Mitsuko Uchida, Piano
Mitsuko Uchida, Piano
SCHUBERT Piano Sonata in C Minor, D. 958
SCHUBERT Piano Sonata in A Major, D. 664
SCHUBERT Piano Sonata in G Major, D. 894
SCHOENBERG Langsam (Slow) from Six Little Piano Pieces, Op. 19, No. 2
Event DurationThe printed program will last approximately two and one-half hours, including one 20-minute intermission.
The Trustees of Carnegie Hall gratefully acknowledge the generosity of Paul J. Sekhri and Mark Gude in support of the 2017-2018 season.
At a Glance
During his tragically foreshortened lifetime, Franz Schubert was far better known for his vocal music than for his instrumental works. Not until the 1820s did audiences and critics grow to appreciate Schubert’s rich trove of orchestral and chamber masterpieces, ranging from symphonies to solo piano works. Even then, fewer than a quarter of his major works in these genres—including just three of his 21 piano sonatas—saw the light of publication before his death in 1828.
The three works on this evening’s program illustrate many of the qualities that prompted Schubert’s contemporaries to compare his piano music to Beethoven’s. The sonatas in C minor and G major are notable for the grandeur of their conception, the richness and complexity of their tonal relationships, and the intricate interweaving of lyricism and drama. Like the shorter and comparatively lightweight A-Major Sonata, they exploit the rich, clear, and evenly balanced sound characteristic of the Viennese fortepianos that Schubert knew and played.
Franz Liszt—who lovingly annotated, adapted, and transcribed dozens of Schubert’s works for the piano—lamented that pianists of his generation were “scarcely aware of what a glorious treasure they have in the piano compositions of Schubert … O tender, ever-welling genius! O beloved hero of the heaven of my youth! From your soul’s depths and heights pour forth melody, freshness, power, grace, reverie, passion, soothings, tears, and flowers—and such is the enchantment of your world of emotions that we almost forget the greatness of your craftsmanship!”
A superlative interpreter of repertoire from the Classical and early Romantic eras, as well as composers of the Second Viennese School, Mitsuko Uchida performs with the world’s most respected orchestras, including the Berliner Philharmoniker, Royal Concertgebouw Orchestra, The Cleveland Orchestra, Chicago Symphony Orchestra, Bavarian Radio Symphony Orchestra, and London’s Symphony Orchestra, Philharmonic Orchestra, and Philharmonia Orchestra. She has worked with esteemed conductors who include Mariss Jansons, Riccardo Muti, Sir Simon Rattle, Esa-Pekka Salonen, Vladimir Jurowski, and Andris Nelsons. Since 2016, Ms. Uchida has served as the artistic partner of the Mahler Chamber Orchestra, with whom she has embarked on a five-year project. She also appears regularly in recitals in Vienna, Berlin, Paris, Amsterdam, London, New York, and Tokyo, and is a regular guest at Salzburg’s Mozartwoche, Salzburg Festival, and Edinburgh International Festival.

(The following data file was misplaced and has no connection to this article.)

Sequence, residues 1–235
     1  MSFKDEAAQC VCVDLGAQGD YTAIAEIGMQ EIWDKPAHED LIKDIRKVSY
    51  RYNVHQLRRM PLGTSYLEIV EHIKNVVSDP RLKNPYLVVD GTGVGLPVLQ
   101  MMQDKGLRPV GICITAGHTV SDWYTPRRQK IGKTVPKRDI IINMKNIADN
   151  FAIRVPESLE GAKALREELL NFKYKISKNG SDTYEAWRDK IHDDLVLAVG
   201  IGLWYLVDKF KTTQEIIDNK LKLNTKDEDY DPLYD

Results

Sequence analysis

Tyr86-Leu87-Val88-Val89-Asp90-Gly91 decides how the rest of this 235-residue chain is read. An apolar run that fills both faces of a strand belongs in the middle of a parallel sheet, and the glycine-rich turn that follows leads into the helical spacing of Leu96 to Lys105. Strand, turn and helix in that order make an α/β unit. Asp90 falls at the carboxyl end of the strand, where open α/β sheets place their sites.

Ms. Uchida’s loyal relationship with the finest orchestras and concert halls has resulted in numerous residencies. She has been an artist-in-residence at The Cleveland Orchestra, Berliner Philharmoniker, Vienna’s Konzerthaus, Salzburg’s Mozartwoche, and the Lucerne Festival. She also curated a Perspectives series at Carnegie Hall and a Carte Blanche series at Amsterdam’s Concertgebouw.
Ms. Uchida records exclusively for Decca, and her extensive discography includes the complete Mozart and Schubert piano sonatas. She received a Grammy Award in 2011 for her recording of Mozart concertos, directing The Cleveland Orchestra from the piano, and in 2017 for an album of lieder with Dorothea Röschmann. Her recording of Schoenberg’s Piano Concerto with Pierre Boulez and The Cleveland Orchestra won four awards, including the Gramophone Award for Best Concerto.
Highly committed to aiding the development of young musicians, Ms. Uchida is a trustee of the Borletti-Buitoni Trust and director of Marlboro Music Festival. She was awarded the Golden Mozart Medal from Stiftung Mozarteum Salzburg and the Praemium Imperiale from the Japan Art Association in 2015, and received an honorary degree from the University of Cambridge in 2014. Ms. Uchida was also awarded the Gold Medal of the Royal Philharmonic Society in 2012 and was made a Dame Commander of the Order of the British Empire in 2009.